The Fantasy of Marriage
By: Christy Aloisio
May 21, 2011

“My knight in shining armour is going to come and take me away from my family that doesn’t care for me.” “My wife will listen to me and meet my needs the way my family never did.” “My husband will respect me sexually, and I will not have to feel like I did when I was sexually molested as a child.”

Many of us have said something similar to ourselves at some point about our spouse. Think about before you got married and how you thought your spouse was “different” and would “take care of you” the way that no one else ever had. Marriage feels like this to us, usually for several years. Then one day you wake up, roll over in bed and are staring face to face at someone whom you hardly recognize anymore. The fantasy of marriage is gone, and replaced with something that seems more like a nightmare.

When we first meet our spouse it feels like a fantasy. They seem loving, caring, attentive, connected, and genuine. They seem just right. When we are in this “honeymoon” phase or enmeshment as it is called we do not see the real person that stands before us. Our spouse is screaming who they really are to us, but we refuse to listen. Then one day when we do find out who our partner is, we are shocked an appauled. They have always been who they have been, we have just refused to listen!

For example, a client Mary (not her real name) recently found out her husband has a sexual addiction and has had two emotional affairs with co workers. At first she sat on my couch and cried, “how could he do this to me? This is not him.” But the more we dove into their history she started to see the red flags all over the map. Her husband was dating someone else when they first met. He left her for Mary. Also, shortly after they first started dating, Mary found out he kissed another woman. The red flags were practically smaking her in the face the whole time. She just refused to see them.

Another client Jane was discussing her abusive and raging husband. She was in so much pain because all of the sudden she viewed this man whom she had loved for so many years as a monster. She was discussing this with another family member one day. Jane said to the family member, “Man, do you remember when John (her husband) was so nice? Do you remember when he was calm and loving.” The family member looked at her and said, ” Jane, John has never been that way.” It was like she had been hit by a ton of bricks. The family member was right, she could not admit that John had always been a rager.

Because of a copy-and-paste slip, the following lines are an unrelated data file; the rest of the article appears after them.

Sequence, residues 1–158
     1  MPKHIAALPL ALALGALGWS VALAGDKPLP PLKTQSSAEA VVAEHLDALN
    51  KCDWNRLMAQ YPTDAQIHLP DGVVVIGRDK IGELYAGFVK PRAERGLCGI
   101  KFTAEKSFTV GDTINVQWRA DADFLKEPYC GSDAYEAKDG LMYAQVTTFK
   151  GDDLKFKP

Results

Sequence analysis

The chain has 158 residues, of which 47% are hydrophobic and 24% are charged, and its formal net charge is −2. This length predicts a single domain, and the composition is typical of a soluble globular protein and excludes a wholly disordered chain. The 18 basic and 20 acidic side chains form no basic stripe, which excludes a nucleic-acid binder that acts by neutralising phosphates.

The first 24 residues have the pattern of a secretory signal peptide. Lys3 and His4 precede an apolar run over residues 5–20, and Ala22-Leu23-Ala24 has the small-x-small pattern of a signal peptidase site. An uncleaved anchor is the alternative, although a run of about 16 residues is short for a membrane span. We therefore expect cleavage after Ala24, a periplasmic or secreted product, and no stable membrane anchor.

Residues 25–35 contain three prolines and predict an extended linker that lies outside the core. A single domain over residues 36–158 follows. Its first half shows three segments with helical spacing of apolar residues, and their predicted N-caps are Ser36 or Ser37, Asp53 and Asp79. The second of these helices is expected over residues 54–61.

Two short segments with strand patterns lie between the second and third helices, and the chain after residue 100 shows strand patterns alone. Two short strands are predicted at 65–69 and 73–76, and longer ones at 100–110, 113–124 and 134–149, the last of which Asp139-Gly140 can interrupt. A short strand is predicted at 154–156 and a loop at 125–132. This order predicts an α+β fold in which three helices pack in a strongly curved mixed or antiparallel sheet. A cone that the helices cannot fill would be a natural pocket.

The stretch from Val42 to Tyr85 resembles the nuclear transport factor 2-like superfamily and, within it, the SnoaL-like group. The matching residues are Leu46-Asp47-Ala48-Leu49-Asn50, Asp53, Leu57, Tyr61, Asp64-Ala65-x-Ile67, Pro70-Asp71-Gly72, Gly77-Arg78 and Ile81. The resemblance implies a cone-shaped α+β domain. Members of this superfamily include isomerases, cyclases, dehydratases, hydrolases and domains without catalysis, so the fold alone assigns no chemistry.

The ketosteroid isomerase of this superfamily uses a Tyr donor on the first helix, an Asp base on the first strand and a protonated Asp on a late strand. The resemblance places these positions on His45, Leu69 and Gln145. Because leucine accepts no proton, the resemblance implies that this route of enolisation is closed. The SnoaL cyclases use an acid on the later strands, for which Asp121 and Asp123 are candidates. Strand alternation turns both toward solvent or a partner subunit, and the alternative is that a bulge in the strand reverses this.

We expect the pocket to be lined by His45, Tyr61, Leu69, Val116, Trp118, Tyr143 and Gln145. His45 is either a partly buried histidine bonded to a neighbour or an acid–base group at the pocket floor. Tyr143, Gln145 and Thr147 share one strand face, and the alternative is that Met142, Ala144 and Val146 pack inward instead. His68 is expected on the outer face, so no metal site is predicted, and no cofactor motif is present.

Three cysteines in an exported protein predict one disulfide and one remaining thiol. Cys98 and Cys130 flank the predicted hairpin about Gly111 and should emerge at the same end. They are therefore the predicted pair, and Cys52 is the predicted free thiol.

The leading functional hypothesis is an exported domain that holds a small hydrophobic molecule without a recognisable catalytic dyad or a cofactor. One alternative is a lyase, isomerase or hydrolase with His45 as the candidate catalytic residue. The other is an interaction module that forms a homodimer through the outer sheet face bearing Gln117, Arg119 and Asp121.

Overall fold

When we first fall in the love, the fantasy of marriage is such a beautiful, fun, and exciting entity. But the keyword to this is FANTASY. Real marriage hurts, is traumatic, and work. If you grew up in a family that did not hear you, you will marry someone that does not hear you. If you were not respected sexually, you will be with a partner that does not have seuxal boundaries. If you parents were mean and ragey, the woman you pick to be in charge of loving you will be mean and ragey.

Okay so where do I go from here. Get in to therapy and get out of the fantasy! The fantasy is not real. It will hurt, it will scar, and it will be a lot of work to repair. If you are not in a relationship, run, do not walk to therapy to understand who you are attracted too. If you are in a relationship and married get to therapy and find out who your spouse really is. The reality hurts, but reality is also the only way to a real connected marriage!